Though a teen may encounter or even enforce silence around issues like mental health and suicide in their offline lives, things may be quite different online. In a 2013 Pew Research Center study, 90 percent of 18-29 year olds use social networking sites. Though Jayah Ram Jackson was three years younger than the threshold of the Pew study, she was a social media user. After her death, images were posted illustrating conversations she had online about depression and suicide.

Mental health advocate Kasey Woods urges teens who may be struggling with depression or mental health issues to check out solutions that may work for them, whether they be on or offline.

“Look into what’s offered at your school, they have resources. There are different blogs run by other teenagers who are going through what you are going through,” Woods said. Woods, who struggled through multiple breakdowns before being diagnosed with bipolar disorder, uses herself as an example that mental illness comes in all shapes, ages and colors.

“So many people who are committing suicide feel like they don’t have anywhere else to go and nobody to talk to,” Woods said in a phone interview. “Even as an adult, being able to relate to someone who went through what you’re going through, looks like you, sounds like you makes the difference.”

Though it may be too late for Jayah, one of her friends wants to make sure that her death will not have been in vain.

After Jayah’s suicide, her friend Caitlin created a White House petition to urge that therapists and other mental health professionals have the permission to monitor the social media accounts of patients in their care.

“I think it’s easier to open up to a computer screen than it is to talk to the people around you, including those hired to help you,” Caitlin, 15, said in an email following a phone interview. “I feel as though parents or guardians, who are unfamiliar with the scope of the Internet, will agree with me that this can help save lives.”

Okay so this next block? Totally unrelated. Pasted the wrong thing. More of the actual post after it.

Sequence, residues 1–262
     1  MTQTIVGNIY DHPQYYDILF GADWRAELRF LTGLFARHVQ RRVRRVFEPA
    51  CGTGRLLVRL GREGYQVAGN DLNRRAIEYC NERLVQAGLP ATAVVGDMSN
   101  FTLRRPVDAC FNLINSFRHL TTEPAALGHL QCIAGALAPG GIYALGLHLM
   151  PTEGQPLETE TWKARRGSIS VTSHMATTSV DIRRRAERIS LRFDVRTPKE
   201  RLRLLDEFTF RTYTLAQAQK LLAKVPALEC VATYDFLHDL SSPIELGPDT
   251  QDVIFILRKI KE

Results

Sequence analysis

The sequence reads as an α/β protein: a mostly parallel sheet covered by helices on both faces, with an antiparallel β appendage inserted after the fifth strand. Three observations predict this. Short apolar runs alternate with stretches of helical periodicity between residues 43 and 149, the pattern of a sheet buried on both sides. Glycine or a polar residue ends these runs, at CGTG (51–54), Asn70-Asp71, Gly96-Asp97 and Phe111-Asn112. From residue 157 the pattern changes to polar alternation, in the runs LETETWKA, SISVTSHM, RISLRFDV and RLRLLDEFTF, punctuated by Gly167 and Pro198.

At last check before going to print, Caitlin’s latest petition had one signature her own. She says her first petition received six or seven signatures before it expired. She needed 100,000 in order for it to be reviewed by the White House. She says she’ll keep doing it until she gets her message out there.

When asked what she would like people to remember about Jayah, her answer is simple, “I want them to know she was this fun-loving person who would go on the Internet and willingly stuff marshmallows in her face just because I asked her to and would hang out with her friends whenever they asked her to and who would express herself by drawing,” Caitlin said. “I just don’t want them to think that she was just defined by this illness that she had.”

If you or someone you know needs to talk to someone, you can call the National Suicide Prevention Lifeline (1-800-273-TALK [8255]) to find resources in your area. The organization also has an online feature called “You Matter” that has a blog and online resources specifically for young adults who may be struggling with depression or other issues. There are also ways to report online users who may be posting suicidal or self-harming messages.

If someone is having suicidal thoughts, talking with them and asking non-judgmental, non-confrontational questions could also be of assistance, according to the Suicide Awareness Voices of Education website. If someone is in immediate danger, call 911.